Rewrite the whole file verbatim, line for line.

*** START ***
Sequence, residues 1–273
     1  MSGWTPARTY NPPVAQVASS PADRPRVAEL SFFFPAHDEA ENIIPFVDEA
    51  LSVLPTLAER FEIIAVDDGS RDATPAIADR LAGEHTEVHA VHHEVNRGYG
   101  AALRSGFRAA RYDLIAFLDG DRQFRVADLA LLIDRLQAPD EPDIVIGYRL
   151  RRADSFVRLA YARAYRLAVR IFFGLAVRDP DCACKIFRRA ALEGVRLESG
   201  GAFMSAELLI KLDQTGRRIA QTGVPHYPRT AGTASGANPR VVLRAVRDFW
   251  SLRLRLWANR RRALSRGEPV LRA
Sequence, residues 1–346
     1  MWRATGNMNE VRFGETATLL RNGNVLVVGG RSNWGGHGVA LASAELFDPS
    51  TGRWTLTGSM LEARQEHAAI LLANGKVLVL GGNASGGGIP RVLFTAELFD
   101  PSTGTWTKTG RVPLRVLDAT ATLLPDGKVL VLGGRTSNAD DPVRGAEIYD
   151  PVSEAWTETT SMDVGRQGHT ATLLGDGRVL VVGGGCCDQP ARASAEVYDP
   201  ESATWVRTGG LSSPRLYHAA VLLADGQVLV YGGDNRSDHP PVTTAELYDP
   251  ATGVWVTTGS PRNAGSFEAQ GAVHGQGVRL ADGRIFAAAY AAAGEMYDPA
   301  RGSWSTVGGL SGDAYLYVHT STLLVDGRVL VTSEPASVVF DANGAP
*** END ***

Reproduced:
Sequence, residues 1–273
     1  MSGWTPARTY NPPVAQVASS PADRPRVAEL SFFFPAHDEA ENIIPFVDEA
    51  LSVLPTLAER FEIIAVDDGS RDATPAIADR LAGEHTEVHA VHHEVNRGYG
   101  AALRSGFRAA RYDLIAFLDG DRQFRVADLA LLIDRLQAPD EPDIVIGYRL
   151  RRADSFVRLA YARAYRLAVR IFFGLAVRDP DCACKIFRRA ALEGVRLESG
   201  GAFMSAELLI KLDQTGRRIA QTGVPHYPRT AGTASGANPR VVLRAVRDFW
   251  SLRLRLWANR RRALSRGEPV LRA
Sequence, residues 1–346
     1  MWRATGNMNE VRFGETATLL RNGNVLVVGG RSNWGGHGVA LASAELFDPS
    51  TGRWTLTGSM LEARQEHAAI LLANGKVLVL GGNASGGGIP RVLFTAELFD
   101  PSTGTWTKTG RVPLRVLDAT ATLLPDGKVL VLGGRTSNAD DPVRGAEIYD
   151  PVSEAWTETT SMDVGRQGHT ATLLGDGRVL VVGGGCCDQP ARASAEVYDP
   201  ESATWVRTGG LSSPRLYHAA VLLADGQVLV YGGDNRSDHP PVTTAELYDP
   251  ATGVWVTTGS PRNAGSFEAQ GAVHGQGVRL ADGRIFAAAY AAAGEMYDPA
   301  RGSWSTVGGL SGDAYLYVHT STLLVDGRVL VTSEPASVVF DANGAP